Dec 7, 2021 3 min read

Help Us Report The News Ingleside Needs To Know

Students at Unity Plaza

Hyperlocal news connects a community to itself. By shining a light on our lives, our successes, our challenges and our solutions, we can connect and come together as a community.

If there’s one lesson in particular that journalism school drilled into me, it’s a profound respect for San Francisco’s rich tradition of neighborhood newspapers.

As a fourth generation San Franciscan, my family has lived on the city’s West side since the 1920s and in Ingleside since the 1960s. So it hardly surprised me to learn that Ingleside has boasted not one but two community newspapers over the years. The only question in my mind was why our neighborhood had no paper of its own by the time I graduated? So I decided to fix that.

For a bustling community like Ingleside — full of delightful people, family businesses, spectacular hilltop views, as well as pernicious problems — the importance of reporting the news that specifically matters to us can’t be overstated. Hyperlocal news connects a community to itself. By shining a light on our lives, our successes, our challenges and our solutions, we can connect and come together as a community.

Without a dedicated local news source, how will we find out about the new small business down the block, or the planned bus route changes, or even our neighbors organizing a street fair? The Ingleside Light began reporting these stories and more in earnest back in 2008. Its first print issue was a four-pager covering the district supervisor elections and the new library all paid for by local advertisers.

Thirteen years later, our homegrown publication has come a long way. Through the Great Recession, the Tech Boom 2.0 and even a pandemic, the Ingleside Light has delivered news about the community on a shoestring budget. Our new format as an email newsletter features accountability reporting and reaches more people more often. Our format may have evolved over the years but the same commitment remains: connecting the community with integrity and perseverance.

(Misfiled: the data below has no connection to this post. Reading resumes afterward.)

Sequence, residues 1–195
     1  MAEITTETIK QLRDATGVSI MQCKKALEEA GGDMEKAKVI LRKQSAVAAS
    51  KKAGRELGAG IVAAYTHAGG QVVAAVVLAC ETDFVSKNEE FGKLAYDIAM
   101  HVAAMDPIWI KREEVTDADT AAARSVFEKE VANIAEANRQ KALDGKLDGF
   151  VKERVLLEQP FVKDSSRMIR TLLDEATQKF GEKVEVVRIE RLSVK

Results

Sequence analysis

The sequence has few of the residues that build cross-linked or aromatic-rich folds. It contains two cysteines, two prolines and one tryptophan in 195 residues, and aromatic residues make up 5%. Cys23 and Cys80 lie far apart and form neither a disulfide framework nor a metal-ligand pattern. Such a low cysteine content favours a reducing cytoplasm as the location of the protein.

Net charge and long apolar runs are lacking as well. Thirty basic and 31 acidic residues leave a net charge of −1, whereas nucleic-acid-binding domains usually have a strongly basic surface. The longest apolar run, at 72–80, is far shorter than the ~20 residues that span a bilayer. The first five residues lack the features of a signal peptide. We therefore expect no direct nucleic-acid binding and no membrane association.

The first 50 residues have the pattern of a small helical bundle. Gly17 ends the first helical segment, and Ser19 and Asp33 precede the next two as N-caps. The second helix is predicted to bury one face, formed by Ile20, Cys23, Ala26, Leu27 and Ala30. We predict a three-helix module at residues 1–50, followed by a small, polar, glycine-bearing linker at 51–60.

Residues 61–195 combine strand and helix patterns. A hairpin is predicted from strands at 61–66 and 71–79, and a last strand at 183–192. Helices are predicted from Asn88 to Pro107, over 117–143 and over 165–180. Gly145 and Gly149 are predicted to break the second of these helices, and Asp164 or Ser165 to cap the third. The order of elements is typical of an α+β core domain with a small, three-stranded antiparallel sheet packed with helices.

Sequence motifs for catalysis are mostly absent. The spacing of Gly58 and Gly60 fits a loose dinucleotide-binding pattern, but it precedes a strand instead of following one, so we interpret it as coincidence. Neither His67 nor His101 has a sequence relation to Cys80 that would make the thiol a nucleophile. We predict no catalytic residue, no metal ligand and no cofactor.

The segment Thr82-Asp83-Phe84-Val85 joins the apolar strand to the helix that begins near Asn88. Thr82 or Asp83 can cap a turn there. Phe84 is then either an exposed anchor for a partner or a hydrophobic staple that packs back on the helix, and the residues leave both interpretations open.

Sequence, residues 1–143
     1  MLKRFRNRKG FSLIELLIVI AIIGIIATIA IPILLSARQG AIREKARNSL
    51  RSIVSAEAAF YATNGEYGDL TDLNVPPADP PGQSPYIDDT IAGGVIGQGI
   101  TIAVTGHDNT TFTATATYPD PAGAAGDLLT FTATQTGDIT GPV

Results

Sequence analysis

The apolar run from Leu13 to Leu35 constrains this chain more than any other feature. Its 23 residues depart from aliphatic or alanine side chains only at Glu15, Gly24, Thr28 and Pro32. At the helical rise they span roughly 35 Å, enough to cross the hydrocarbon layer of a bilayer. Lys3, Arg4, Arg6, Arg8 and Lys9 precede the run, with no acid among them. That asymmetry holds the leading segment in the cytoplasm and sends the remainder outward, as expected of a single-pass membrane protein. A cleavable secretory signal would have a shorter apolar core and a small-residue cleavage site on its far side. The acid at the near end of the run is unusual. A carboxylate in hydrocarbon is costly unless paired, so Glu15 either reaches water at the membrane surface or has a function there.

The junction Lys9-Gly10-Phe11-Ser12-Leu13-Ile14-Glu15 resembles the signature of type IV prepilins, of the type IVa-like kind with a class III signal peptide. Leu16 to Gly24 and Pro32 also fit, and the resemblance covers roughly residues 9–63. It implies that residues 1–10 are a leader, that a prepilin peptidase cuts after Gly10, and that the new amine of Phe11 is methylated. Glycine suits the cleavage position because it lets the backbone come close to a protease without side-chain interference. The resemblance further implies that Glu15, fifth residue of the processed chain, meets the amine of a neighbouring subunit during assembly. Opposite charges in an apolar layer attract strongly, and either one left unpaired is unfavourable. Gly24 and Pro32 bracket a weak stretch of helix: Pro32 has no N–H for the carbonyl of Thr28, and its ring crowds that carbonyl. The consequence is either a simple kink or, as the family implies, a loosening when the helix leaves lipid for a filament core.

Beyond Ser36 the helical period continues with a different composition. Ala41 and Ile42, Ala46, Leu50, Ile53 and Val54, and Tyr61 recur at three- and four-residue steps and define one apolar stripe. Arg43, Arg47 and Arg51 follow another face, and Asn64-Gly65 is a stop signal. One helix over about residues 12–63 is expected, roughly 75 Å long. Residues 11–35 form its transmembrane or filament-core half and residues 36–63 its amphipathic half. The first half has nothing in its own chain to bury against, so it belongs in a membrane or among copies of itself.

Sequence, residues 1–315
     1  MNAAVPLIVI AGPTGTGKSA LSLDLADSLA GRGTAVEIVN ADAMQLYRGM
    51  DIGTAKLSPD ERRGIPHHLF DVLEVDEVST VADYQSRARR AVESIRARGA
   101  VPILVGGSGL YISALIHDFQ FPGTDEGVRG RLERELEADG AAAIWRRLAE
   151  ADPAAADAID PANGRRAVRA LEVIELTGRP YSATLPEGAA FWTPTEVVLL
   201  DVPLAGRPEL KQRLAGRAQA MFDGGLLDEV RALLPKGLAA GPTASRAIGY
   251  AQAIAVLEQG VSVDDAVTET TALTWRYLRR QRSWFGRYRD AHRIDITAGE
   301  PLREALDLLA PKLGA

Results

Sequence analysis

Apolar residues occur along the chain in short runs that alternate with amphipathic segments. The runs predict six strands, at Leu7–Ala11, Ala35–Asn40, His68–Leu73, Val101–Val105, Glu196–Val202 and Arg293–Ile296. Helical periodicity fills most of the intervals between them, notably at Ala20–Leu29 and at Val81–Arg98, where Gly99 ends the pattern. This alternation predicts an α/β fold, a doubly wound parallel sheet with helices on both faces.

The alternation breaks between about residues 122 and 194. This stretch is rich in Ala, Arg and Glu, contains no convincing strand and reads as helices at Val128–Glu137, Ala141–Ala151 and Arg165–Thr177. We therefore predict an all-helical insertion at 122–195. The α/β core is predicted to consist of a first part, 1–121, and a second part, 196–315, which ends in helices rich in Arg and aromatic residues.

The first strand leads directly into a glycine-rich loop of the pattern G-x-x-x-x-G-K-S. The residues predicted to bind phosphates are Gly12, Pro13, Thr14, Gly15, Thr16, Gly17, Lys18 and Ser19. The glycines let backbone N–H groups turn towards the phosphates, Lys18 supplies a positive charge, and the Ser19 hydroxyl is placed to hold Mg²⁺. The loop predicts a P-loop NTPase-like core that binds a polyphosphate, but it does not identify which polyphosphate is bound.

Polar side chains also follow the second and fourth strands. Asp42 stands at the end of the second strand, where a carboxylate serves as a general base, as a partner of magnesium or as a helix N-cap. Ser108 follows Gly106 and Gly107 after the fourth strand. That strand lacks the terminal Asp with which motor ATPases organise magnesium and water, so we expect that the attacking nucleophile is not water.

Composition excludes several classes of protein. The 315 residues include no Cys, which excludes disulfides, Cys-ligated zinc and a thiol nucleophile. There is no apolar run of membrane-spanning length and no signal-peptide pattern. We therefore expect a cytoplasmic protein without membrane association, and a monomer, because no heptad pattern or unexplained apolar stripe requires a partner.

Just look at some of our strongest stories of the past few months:

I’m glad to be able to do this important work, but there is so much more that needs to be done.

If we — you and I — don’t directly fund hyperlocal news it just won’t happen. And without news focused on our part of the city, we won’t know what the transportation agency is and isn’t doing, or how it will affect us. Nor will we know about that longtime resident doing important advocacy work to build up the neighborhood arts scene. And we’ll likely never hear about the plight of our small business owners struggling to keep the lights on.

Supporting a hyperlocal news outlet is a mighty act of civic participation. What’s more, anyone can join in. It’s an easy way to ensure your community has access to trusted, factual and vital information needed to make decisions, connect with others, and simply belong. With enough new reader support, together we can make the Ingleside Light the first for-profit digital neighborhood news publication in the city and continue San Francisco’s rich tradition of maintaining a robust community press.

Because Ingleside matters. That’s why the Ingleside Light exists: to shine a light on our unique community, to share our stories, celebrate our diverse cultural roots, and help each other grow.

Will you support our work?

If just 100 of you reading this newsletter sign up right now to become an annual supporter, we’ll be well on our way to achieving our 2021 targets.

And as a thank you, when you support the Ingleside Light today at the $100 level, I’ll send you an Iconic Landmarks of Ingleside gift set.

Because the Ingleside Light can only do this important community journalism thanks to reader support like yours.

With appreciate,
Alex Mullaney

P.S. Know someone else who values local journalism and lives or works in Ingleside? Ask them to support the Ingleside Light by forwarding them this email.

Alex Mullaney
Alex Mullaney founded The Ingleside Light in 2008 during the peak of San Francisco's great tradition of neighborhood newspapers.
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